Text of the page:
This New York Times article by John Markoff and Edward Wyatt confirms what we’ve been strongly suspecting for some time: Google has plans to digitize large portions of the holdings of several of the world’s major research libraries in the coming years. Public domain materials will be available in their entirety, and the article hints that short excerpts from materials still under copyright will be available.
This is great news. Having this material available has the potential to place in the foreground the importance of the public domain. Further, Google may have the resources and incentive to figure out comprehensively which post-1923 books are already in the public domain for failure of formalities.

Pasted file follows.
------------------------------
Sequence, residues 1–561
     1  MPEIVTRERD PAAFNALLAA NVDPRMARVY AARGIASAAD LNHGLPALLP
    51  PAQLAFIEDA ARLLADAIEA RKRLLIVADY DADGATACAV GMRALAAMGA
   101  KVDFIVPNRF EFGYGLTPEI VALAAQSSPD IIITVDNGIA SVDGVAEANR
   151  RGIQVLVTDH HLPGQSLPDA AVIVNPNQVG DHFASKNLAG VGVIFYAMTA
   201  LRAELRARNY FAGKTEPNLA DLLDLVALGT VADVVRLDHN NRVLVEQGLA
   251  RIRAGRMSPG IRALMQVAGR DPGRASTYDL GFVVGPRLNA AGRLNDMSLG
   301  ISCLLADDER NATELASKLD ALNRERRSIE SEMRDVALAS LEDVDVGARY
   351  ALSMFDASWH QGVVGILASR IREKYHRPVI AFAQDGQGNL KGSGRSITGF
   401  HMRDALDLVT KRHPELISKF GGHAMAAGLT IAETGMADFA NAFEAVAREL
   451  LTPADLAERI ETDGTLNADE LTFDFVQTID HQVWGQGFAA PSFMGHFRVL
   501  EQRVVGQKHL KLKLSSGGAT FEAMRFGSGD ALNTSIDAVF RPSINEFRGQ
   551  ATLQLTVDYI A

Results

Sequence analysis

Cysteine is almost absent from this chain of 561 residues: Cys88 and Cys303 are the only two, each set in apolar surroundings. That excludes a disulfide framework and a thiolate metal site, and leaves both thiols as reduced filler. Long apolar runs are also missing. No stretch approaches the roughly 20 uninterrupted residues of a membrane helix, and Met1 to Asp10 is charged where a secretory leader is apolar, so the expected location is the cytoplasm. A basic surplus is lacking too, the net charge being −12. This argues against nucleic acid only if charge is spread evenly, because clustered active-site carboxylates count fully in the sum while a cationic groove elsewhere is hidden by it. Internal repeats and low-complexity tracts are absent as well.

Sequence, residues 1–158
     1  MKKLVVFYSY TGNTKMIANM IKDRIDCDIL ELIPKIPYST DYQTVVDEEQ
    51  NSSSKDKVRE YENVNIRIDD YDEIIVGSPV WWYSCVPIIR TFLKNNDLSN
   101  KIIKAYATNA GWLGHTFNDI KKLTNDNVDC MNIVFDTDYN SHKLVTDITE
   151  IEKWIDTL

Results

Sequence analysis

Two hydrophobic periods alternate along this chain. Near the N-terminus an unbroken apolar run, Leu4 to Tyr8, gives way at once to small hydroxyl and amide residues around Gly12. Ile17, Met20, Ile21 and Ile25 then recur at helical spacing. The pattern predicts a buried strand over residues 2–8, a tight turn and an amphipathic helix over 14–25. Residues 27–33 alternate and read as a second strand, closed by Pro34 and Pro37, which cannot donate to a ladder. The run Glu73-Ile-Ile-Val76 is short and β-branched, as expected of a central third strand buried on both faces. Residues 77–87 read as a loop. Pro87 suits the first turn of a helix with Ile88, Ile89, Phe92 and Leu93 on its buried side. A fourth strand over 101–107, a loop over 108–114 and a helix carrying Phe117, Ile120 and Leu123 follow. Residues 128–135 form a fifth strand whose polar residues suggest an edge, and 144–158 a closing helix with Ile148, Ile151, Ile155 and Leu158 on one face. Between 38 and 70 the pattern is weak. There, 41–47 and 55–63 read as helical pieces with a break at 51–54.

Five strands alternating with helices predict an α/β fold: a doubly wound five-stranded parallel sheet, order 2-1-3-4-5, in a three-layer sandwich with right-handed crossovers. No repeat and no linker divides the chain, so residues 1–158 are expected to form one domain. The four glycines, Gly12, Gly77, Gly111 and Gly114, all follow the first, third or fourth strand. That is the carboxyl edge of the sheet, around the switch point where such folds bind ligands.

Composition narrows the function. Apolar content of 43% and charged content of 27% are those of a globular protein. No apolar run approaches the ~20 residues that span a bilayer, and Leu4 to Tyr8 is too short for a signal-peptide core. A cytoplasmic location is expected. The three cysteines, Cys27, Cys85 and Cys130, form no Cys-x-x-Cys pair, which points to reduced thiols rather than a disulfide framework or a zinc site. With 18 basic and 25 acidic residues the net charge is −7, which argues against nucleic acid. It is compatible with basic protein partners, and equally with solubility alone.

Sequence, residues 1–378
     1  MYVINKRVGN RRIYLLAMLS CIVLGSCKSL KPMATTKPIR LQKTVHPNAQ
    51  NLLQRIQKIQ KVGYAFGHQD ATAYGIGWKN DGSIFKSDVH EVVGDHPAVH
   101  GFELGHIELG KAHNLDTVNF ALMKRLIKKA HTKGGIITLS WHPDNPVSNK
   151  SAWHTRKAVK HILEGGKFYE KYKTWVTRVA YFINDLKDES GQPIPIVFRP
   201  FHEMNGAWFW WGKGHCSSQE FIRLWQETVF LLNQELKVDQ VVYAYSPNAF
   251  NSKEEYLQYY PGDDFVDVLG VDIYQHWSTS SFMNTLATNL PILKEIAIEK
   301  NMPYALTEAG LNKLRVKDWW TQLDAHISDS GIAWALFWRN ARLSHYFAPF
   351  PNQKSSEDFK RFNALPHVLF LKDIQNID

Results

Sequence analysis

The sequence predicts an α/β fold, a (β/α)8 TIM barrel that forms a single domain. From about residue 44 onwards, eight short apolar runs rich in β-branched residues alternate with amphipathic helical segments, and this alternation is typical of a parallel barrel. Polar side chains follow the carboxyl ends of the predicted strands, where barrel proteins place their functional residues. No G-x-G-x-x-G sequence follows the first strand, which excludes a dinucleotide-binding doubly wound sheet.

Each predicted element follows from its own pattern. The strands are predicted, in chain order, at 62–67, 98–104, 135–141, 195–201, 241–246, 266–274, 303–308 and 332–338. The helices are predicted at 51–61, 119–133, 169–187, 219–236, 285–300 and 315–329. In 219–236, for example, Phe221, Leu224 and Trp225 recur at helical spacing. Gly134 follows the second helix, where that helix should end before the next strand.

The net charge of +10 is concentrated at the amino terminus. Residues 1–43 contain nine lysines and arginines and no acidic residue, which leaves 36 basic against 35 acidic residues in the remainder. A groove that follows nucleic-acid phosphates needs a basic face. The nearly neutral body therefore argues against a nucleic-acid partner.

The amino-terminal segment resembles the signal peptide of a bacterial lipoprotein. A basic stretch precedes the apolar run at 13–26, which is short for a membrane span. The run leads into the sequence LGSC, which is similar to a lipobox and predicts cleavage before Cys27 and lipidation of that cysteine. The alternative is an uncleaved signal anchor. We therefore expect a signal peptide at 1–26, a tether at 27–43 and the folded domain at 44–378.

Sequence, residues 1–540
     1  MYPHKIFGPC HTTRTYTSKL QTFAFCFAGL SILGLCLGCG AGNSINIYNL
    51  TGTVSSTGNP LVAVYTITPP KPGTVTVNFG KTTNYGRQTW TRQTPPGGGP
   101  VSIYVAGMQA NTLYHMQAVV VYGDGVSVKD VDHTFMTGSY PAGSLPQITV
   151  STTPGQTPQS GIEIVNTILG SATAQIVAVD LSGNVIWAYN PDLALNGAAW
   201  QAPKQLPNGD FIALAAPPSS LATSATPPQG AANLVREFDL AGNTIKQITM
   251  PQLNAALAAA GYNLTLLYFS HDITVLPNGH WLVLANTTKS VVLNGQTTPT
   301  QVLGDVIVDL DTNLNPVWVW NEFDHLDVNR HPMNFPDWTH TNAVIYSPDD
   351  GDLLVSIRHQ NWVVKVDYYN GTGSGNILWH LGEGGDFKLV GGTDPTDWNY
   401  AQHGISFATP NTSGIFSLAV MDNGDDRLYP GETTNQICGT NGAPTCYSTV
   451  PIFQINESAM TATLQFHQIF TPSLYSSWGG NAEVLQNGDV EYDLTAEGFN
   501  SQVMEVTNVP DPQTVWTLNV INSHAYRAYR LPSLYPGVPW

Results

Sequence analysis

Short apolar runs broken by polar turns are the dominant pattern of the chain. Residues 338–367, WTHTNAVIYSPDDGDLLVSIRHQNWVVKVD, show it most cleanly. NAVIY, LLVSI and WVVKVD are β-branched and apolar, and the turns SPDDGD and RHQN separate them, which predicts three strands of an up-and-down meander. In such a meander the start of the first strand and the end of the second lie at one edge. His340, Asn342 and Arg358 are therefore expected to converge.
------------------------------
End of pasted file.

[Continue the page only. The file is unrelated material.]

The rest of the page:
It will be interesting to see how Google and the libraries plan to justify digitizing entire copyrighted books without a license. Even if they’re not included in the public database, merely digitizing them involves making one or more unauthorized copies. I’m sure they have a plan; my plan might be to make deals with all the copyright holders you can find, then just digitize the whole thing and settle with any copyright holders you couldn’t find. But that might be expensive, even for Google.
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